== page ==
Renewables 2018

Market analysis and forecast from 2018 to 2023

Renewables 2018 is the IEA market analysis and forecast from 2018 to 2023 on renewable energy and technologies. It provides global trends and developments for renewable energy in the electricity, heat and transport sectors.


In this section


Summary


Heat is the largest energy end‑use. Providing heating for homes, industrial purposes and other applications accounts for around 50% of total energy consumption. Just over half of heat produced was consumed in industry – for example, for process heat, drying and industrial hot water uses. Another 46% was used for space and water heating and cooking in the buildings sector. The remainder was used in agriculture. In 2017, only 10% of heat was produced from renewables.

Renewable heat consumption is expected to grow 20% between 2018 and 2023, with bioenergy contributing the most. However, this would increase the share of renewables in the heating sector to only 12% by 2023, highlighting the need for more policy action to deliver greater deployment. Most renewable heat is currently produced from bioenergy although in recent years there has been a significant expansion in solar thermal, geothermal, and the use of renewable electricity for heat.

Two-thirds of global renewable heat growth to 2023 is expected to take place in China, the European Union, India, and the United States. Targets and policies are important drivers for renewable heat growth. Over the last year, the European Union has agreed on a new target for renewable heat, while China has released a new clean heating plan. A number of countries have extended support measures or introduced new ones. However, despite some positive developments, fewer countries have policies for renewable heat than they do for renewable electricity and transport. 

Renewable heat consumption by country/region (left) and by source (right)
	European Union	United States	Brazil	India	China	Rest of world
2017	115.4931306	57.10583377	47.27657366	41.7029622	48.91273036	167.0901845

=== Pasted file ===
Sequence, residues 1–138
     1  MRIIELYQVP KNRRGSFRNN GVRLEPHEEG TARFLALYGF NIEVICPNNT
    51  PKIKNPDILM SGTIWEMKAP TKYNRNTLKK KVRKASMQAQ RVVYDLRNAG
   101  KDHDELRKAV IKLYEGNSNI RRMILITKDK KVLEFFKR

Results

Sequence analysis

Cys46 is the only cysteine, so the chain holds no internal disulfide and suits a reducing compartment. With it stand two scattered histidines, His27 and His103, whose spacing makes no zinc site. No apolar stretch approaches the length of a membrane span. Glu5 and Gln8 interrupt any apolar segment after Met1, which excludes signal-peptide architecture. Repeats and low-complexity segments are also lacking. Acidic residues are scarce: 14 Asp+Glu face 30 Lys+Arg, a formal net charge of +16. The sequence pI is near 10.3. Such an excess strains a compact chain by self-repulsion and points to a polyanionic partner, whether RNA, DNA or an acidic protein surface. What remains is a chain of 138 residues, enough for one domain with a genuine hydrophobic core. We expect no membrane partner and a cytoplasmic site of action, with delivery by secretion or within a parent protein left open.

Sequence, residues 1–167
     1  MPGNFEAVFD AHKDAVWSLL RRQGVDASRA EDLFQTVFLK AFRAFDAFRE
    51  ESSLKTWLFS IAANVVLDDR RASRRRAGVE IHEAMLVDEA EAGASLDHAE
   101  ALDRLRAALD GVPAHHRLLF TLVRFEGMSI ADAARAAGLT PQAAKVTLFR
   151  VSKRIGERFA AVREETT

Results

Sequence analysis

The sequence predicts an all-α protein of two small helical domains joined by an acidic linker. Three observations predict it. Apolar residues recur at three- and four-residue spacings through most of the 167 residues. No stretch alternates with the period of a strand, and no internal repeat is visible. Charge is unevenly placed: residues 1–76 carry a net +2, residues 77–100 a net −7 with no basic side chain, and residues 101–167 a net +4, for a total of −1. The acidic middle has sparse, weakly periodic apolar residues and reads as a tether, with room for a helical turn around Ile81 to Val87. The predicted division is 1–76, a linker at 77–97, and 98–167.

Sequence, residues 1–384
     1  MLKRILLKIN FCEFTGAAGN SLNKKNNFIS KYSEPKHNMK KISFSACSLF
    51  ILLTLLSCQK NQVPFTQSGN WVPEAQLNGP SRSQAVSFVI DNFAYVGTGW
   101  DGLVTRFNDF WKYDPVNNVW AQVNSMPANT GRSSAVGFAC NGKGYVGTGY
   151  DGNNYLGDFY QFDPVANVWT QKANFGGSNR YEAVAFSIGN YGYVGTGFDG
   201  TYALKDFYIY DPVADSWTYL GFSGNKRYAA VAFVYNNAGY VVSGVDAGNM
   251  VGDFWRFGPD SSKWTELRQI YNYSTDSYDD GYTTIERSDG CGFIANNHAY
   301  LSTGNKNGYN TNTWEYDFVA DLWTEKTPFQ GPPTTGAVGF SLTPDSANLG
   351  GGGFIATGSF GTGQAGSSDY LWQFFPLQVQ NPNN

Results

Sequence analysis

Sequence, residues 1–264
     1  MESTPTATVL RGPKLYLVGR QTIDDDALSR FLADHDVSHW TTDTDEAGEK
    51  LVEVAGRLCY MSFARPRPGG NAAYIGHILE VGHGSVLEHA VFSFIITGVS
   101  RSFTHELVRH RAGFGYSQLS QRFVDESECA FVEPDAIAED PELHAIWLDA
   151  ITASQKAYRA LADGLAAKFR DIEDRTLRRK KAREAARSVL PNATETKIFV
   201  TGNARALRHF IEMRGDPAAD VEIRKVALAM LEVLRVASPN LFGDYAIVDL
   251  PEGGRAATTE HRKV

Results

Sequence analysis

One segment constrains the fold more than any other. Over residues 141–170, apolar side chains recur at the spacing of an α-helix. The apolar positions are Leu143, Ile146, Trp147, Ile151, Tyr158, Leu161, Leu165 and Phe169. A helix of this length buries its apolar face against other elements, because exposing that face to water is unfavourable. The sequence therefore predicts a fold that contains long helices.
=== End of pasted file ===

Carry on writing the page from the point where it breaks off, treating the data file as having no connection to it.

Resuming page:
2018	119.3140159	59.6150717	48.69611006	44.9178299	51.81540281	170.6104992
2019	122.0301328	61.61796604	49.77598299	47.61038118	55.45563521	175.2269628
2020	124.9109766	63.40096357	50.24950703	49.77763766	59.28042914	179.65549
2021	127.6870472	65.1197778	50.8682646	51.57756638	63.15027607	184.0508801
2022	130.5785977	66.71896862	51.47933715	53.50279136	66.85545199	188.5698345
2023	133.3095767	68.32694512	52.06599958	55.54504586	70.63459748	193.2373273
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	Modern bioenergy	Solar thermal	Geothermal	Renewable district heat	Renewable electricity for heat
2017	323.5368381	33.17306778	14.0854743	21.53783913	86.11238225
2023	368.1981817	48.49828297	19.9514684	23.74158643	116.816163
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Modern bioenergy


Modern bioenergy – which excludes the traditional use of biomass – produced almost 70% of direct renewable heat in 2017. Bioenergy penetration is higher in industry than in buildings. It currently meets 8% of industrial heat demand, mostly in sectors that produce biomass waste and residues.

Bioenergy consumption in industry is anticipated to grow 13% by 2023. There is significant untapped potential to increase bioenergy use in the cement subsector and in the sugar and ethanol industry. Around two-thirds of bioenergy used in cement production is from waste. In the cement sector, projected growth of almost 40% will raise the share of bioenergy from 5% of the sector’s energy demand to 7% by 2023. In addition, a further increase to 13% could be achieved if key cement producing countries were to introduce robust frameworks for waste management.

Renewable energy generation from the sugar and ethanol industry could be significantly increased if all sugar cane-cultivating countries exploited the potential of high-efficiency co-generation, sugar cane straw, and new energy cane varieties.

In buildings, bioenergy use grows 8% to 2023, less than the 16% growth seen in the past six-year period. In the residential sector, the European Union accounts for an even greater share of global bioenergy consumption (54%), with France, Germany and Italy consuming the most (44%). Italy leads the European pellet stove market. In Germany, pellet boilers make up almost half of the market although sales of both pellet boilers and stoves have declined 3%. The United States remains the largest single consumer of bioenergy in the buildings sector.

	Buildings	Industry	Agriculture
2012	105.62651	187.459445	9.275255
2013	109.409717	194.0224778	9.547254
2014	104.676296	192.7167238	9.642885
2015	106.333606	195.068921	9.81629
2016	106.206547	199.2693433	9.857417
2017	107.9651198	204.3790701	10.20476172
2018	110.1562443	210.7844111	10.55125256
2019	111.2689837	216.7764558	10.92686412
2020	112.7276286	220.7269567	11.28970393
2021	114.2499967	224.4653734	11.64210509
2022	115.7213462	228.167908	11.99110959
2023	117.2224577	231.9060428	12.33947889
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		"text":"Modern bioenergy consumption for heat by end-use sector, 2012-23"
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Solar thermal